Has anyone personally/directly (or had confirmation that someone they knew) had a bank call a note/mortgage due if title is transferred w/pymts?

Asked by Jim, Mon Apr 11, 2011

I get the disclaimers (seriously, I do): the bank COULD do that, at any moment, if they choose to, and the investor is screwed if so, but trying to get some firsthand stories of it occurring.

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Jim, ,
Thu Apr 14, 2011
Excellent: thanks to all for their answers!
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, ,
Mon Apr 11, 2011
Great recommendation from Shel-lee! I've never understood why inexperienced investors jumped into these wrap deals. My assumption is that an investment "guru" has pitched the idea without explaining the potential consequences.

Yes, it can work. However, both the previous owner is at risk (the person whose name remains on the loan) as is the new occupant.

Can you imagine making 3 years of payments on that note only to have the lender call the note and you can't refinance for some reason?
0 votes
Shel-lee Dav…, Agent, Rolling Hills Estates, CA
Mon Apr 11, 2011

The answer is YES! This happened to a friend of mine. I was able to help him out of the foreclosure by hooking him up with a hard money lender who refinanced his property. The kicker was, the interest rate on the loan he assumed and had been paying was almost twice the current mortgage interest rate (which means the bank was making a ton of money on this loan) and the property had equity, so the bank was fully secured in case he defaulted on the loan. So, caveat emptor, you take a risk when buying subject to existing financing with a due on sale clause.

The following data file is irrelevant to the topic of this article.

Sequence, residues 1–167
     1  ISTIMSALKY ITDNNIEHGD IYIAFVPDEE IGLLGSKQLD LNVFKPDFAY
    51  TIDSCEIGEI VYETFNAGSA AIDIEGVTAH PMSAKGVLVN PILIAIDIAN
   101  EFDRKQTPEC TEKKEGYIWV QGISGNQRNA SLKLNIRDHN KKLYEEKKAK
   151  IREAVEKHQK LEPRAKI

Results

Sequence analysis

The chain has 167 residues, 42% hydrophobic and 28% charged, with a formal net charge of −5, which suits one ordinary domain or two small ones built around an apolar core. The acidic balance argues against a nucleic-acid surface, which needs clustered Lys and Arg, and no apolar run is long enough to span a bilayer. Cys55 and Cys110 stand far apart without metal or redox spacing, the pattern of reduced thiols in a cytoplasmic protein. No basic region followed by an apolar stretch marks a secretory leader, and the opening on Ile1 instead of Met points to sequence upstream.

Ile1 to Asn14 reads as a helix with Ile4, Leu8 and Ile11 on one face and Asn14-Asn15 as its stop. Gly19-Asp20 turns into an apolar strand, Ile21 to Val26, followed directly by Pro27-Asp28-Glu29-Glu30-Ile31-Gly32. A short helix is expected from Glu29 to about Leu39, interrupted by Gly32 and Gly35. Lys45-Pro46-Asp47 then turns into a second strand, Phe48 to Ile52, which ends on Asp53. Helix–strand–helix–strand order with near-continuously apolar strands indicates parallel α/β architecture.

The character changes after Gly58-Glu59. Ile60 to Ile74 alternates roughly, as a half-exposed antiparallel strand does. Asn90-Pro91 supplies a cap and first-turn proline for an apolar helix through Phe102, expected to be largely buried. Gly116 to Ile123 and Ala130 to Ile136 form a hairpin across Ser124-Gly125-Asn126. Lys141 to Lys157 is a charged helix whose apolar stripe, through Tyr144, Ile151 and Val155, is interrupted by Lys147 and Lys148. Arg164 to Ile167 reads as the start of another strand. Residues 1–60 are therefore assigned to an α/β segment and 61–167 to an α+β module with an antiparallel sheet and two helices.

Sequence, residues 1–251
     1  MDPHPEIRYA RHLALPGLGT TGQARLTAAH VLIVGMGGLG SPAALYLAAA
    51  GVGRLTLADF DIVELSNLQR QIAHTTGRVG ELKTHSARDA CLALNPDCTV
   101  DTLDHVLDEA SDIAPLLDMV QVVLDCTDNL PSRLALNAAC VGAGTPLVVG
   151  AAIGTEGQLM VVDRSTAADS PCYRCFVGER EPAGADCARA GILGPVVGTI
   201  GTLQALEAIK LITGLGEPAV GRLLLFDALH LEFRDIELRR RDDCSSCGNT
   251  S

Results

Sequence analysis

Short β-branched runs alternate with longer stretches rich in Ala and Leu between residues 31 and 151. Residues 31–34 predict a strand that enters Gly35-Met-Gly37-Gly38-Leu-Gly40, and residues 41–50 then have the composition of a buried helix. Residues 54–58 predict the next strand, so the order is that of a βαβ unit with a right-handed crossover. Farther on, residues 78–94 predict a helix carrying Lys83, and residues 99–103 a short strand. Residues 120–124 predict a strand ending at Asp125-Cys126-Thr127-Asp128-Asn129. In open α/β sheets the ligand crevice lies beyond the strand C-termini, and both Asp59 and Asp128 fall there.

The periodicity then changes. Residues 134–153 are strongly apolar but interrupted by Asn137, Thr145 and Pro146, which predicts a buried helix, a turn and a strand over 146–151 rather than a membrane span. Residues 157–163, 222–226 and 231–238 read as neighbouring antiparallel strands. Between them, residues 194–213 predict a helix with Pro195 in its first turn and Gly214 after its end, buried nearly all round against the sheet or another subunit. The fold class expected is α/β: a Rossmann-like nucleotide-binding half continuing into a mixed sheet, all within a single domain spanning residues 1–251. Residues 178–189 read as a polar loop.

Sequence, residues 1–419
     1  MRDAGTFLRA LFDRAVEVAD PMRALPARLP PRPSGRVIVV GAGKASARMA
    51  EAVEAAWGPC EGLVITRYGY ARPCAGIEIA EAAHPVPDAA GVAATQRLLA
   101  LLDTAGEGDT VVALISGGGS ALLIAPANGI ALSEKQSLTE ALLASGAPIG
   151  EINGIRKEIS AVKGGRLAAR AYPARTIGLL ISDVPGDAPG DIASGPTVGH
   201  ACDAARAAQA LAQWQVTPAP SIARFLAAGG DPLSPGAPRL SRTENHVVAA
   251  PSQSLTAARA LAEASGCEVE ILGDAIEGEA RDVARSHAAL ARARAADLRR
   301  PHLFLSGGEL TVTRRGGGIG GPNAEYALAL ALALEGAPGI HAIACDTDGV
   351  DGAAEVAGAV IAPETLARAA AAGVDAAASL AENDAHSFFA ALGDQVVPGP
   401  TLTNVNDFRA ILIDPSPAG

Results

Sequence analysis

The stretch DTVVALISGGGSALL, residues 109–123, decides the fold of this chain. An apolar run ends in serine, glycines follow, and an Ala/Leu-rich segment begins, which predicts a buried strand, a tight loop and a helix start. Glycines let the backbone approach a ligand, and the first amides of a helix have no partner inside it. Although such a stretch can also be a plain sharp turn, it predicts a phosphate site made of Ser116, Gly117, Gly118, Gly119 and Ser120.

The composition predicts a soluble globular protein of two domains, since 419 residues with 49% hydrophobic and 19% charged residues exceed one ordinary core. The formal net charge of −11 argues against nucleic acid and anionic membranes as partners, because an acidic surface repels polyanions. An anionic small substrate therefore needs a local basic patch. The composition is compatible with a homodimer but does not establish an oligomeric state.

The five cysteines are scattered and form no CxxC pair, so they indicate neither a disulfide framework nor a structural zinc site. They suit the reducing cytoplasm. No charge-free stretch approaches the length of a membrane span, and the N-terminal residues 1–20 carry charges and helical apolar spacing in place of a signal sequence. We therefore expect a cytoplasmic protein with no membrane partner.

If you decide to enter into this type of transaction, make sure you have an exit plan in case the lender calls the loan. Dare to Dream.

Shel-lee Davis, QSC®
Certified Distressed Property Expert – CDPE®
Short Sale & Foreclosure Resource – SFR®
Certified HAFA Specialist – CHS®
SSG Pro®
Your Real Estate Consultant for Life
RE/MAX Palos Verdes Realty
424-2HELP12 (424-243-5712)
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David Tansey, Agent, Houston, TX
Mon Apr 11, 2011
Most loans have an acceleration clause that prevent exactly what you describe. Your realtor should have advised you to check before selling the home.
Web Reference:  http://www.DaveRealty.com
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Sharon Smoot, Agent, Atlanta, GA
Mon Apr 11, 2011
Most mortgage loans have a due on sale clause which requires that the loan be paid in full when title is transferred from the owner/borrower to a third party. In my 15+ years as a real estate attorney, I heard of this happening only one time and their were some other factors which came into play (i.e. accusations of mortgage fraud).
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